Yolo Judicial Watch will be located on the Vanguard but available on its own separate page: yolojudicialwatch.org .
While we have had success breaking major news stories such as the letter from DA investigator Rick Gore as well as covering in depth cases such Khalid Berny who faced 60 years in prison for allegedly allowing his goats to run free, Ajay Dev who was sentenced to 378 years in prison based solely on a contested pretense call that was recorded by the Davis Police Department, among others. We have also provided heavy critiques of the District Attorney’s report on the shooting of Luis Gutierrez.
However, we have been limited in what we can report. Previously the Vanguard had limited ability to track cases of interest that did not emerge into the public light. At times, the Vanguard was directly tipped off by an interested party, however, for the most part, a large number of cases have gone unreported.
How many cases? How big a problem is this? Those are questions that we cannot answer right now because the mass media covers only a few high profile cases and we have never been able to follow and collect data on the overall system.
That changes now with this project.
For the first time, we will be able to track and monitor cases from the beginning to the end of the process. That means we can we report on a much greater number of cases that may be of interest to the general public, but never reach the light of day.
While this project will have a broad scope, our goal will be to quantify some of the complaints that we have received over the years about the Yolo County justice system. These complaints include the overcharging of certain defendants and the prosecution that is often alleged to be malicious or racially motivated of individuals who are likely not guilty of any crime.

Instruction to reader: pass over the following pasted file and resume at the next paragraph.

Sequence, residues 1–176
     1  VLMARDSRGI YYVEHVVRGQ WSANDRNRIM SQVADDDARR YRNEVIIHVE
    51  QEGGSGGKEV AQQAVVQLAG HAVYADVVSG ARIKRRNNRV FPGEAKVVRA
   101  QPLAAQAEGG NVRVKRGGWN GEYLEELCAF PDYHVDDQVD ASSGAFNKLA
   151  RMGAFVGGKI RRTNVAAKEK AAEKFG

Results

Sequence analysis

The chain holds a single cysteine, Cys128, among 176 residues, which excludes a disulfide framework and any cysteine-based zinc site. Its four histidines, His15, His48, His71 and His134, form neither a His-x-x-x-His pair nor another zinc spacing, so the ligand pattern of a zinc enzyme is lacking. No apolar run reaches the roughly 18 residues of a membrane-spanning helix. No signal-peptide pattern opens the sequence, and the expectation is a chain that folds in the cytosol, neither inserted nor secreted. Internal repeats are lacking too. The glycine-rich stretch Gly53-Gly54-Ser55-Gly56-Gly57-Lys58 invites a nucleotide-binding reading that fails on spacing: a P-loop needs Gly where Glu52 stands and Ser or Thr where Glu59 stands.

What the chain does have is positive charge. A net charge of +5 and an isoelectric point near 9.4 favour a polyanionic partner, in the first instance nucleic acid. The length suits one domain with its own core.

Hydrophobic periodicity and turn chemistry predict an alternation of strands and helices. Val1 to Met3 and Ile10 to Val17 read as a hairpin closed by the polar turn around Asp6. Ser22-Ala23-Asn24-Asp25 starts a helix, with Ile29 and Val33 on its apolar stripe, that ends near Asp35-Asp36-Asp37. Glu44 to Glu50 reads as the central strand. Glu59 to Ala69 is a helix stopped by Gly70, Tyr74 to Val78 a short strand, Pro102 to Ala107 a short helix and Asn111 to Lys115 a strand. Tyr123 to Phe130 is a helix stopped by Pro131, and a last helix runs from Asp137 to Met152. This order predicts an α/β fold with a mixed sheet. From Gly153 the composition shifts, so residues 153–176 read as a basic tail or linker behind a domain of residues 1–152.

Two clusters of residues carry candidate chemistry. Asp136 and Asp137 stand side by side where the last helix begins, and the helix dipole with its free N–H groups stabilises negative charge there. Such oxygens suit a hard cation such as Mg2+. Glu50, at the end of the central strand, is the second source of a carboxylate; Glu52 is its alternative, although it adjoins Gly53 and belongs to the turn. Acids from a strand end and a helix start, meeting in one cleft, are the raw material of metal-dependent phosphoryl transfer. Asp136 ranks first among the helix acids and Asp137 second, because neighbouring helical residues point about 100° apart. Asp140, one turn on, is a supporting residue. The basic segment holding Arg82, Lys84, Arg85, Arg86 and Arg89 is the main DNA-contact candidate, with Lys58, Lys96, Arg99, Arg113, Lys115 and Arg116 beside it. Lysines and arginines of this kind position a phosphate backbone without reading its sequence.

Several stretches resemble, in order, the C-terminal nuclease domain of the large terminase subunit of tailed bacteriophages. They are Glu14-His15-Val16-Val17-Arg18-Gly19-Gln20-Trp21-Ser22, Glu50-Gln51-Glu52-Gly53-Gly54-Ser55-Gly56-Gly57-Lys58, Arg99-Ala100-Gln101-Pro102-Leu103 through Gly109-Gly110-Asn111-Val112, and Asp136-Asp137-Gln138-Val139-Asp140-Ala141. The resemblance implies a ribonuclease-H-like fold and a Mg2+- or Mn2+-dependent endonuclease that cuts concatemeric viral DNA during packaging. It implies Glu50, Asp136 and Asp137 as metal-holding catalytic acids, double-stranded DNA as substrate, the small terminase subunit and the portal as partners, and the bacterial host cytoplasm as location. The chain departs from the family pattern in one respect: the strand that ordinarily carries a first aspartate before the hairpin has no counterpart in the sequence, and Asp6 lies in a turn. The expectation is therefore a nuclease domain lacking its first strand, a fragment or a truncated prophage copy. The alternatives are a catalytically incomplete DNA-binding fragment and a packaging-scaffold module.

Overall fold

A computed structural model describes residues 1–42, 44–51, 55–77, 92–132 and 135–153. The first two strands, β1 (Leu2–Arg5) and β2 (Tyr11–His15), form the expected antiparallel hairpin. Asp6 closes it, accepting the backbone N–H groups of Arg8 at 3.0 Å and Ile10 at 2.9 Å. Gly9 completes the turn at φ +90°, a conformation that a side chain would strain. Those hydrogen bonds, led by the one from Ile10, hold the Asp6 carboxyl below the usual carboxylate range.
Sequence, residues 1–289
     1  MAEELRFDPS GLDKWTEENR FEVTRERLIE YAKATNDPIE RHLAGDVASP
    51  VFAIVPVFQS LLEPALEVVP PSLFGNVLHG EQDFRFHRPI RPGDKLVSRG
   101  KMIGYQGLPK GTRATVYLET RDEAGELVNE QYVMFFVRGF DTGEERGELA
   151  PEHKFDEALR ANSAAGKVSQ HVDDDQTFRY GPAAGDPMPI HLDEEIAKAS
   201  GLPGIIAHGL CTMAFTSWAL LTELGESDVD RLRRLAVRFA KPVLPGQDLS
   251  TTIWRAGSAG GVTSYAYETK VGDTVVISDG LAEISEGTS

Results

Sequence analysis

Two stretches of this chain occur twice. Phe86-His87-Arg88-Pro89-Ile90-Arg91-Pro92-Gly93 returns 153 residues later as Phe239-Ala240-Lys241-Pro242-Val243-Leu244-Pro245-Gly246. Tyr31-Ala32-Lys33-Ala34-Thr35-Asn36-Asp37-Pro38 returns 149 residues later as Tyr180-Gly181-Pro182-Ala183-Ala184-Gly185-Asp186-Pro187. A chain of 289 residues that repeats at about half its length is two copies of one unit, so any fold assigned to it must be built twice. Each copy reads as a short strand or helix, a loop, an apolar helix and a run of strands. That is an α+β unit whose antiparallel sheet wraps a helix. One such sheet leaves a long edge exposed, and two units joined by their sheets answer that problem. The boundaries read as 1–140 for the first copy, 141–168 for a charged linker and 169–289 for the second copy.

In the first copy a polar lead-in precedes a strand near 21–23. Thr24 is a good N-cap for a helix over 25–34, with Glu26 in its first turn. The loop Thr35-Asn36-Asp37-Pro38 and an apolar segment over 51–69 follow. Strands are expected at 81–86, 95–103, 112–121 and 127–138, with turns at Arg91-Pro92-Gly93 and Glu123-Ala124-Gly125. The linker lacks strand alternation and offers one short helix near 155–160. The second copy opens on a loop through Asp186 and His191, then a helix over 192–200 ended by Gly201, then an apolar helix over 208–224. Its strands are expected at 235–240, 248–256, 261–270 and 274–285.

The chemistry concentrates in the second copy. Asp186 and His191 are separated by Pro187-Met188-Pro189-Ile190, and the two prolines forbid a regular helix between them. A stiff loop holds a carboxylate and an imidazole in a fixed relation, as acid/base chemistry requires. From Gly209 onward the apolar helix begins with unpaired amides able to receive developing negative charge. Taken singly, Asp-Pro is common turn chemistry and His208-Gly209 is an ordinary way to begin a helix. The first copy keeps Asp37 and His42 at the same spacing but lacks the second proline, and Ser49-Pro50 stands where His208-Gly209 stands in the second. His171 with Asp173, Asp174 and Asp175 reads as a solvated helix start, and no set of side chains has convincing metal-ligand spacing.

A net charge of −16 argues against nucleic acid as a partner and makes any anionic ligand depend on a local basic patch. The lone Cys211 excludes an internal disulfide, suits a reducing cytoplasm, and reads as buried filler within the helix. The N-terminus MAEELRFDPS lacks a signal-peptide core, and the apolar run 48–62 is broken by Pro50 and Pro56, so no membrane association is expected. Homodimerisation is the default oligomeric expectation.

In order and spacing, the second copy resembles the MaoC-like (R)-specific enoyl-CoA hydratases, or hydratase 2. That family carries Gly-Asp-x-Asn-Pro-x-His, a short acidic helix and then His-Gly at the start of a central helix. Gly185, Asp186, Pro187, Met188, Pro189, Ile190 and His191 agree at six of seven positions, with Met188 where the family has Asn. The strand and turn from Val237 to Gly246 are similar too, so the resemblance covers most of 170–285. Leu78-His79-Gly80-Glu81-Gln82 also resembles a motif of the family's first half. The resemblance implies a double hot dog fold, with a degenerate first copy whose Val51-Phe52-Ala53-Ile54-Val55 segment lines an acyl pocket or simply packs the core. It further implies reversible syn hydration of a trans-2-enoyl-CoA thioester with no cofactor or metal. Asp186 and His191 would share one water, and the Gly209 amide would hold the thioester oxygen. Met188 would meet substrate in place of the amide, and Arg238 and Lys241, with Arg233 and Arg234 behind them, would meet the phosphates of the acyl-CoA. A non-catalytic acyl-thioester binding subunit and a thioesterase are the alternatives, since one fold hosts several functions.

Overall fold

The Vanguard will look at a whole range of cases, but focus on gang enhancement cases, cases where there a resisting arrest charge without an additional charge, cases where numerous charges have been tacked on by the District Attorney, and all felony cases that go to trial.
The county cites the number of felony cases that go to trial per year to be around 120. We have heard that of those, 40% end in a victory for the defense. If that number is anywhere close to accurate, it is alarming.
From a practical standpoint that should never occur. The District Attorney has a huge advantage in that they determine what cases to take, which cases to accept plea agreements on, and how much to charge. They hold all of the advantages. If they are barely breaking even on trial cases, that indicates a huge problem in the system that there are a number of cases that should never have gone to trial.
With Yolo County again facing a $20 million deficit in its general fund, we need to find out if current practices are costing too much in terms of resources and money.
This project will be able to quantify these issues. This is not merely an academic question. If the DA is overcharging cases and thus forcing cases to trial that should not go to trial, that is a huge waste of taxpayer money. If the DA is charging people likely to be innocent, that again is a waste of money.
Again this project will be able to quantify that issue and sort out fact from myth. This process will also be better able to quantify claims that the DA has a 90% conviction rate. We will be able to determine what that means and what the ramifications are of it.
To perform this work, the Vanguard will utilize a project director and a number interns from a diverse group of people ranging from undergraduates at UC Davis, to law students, to paralegals and community members.
It is our hope to have an interim report to the public by the end of June on the state of the Judicial System. In the meantime, Vanguard and Yolo Judicial Watch readers will see an increase in coverage of cases that have go through the legal system in Yolo County.
—David M. Greenwald reporting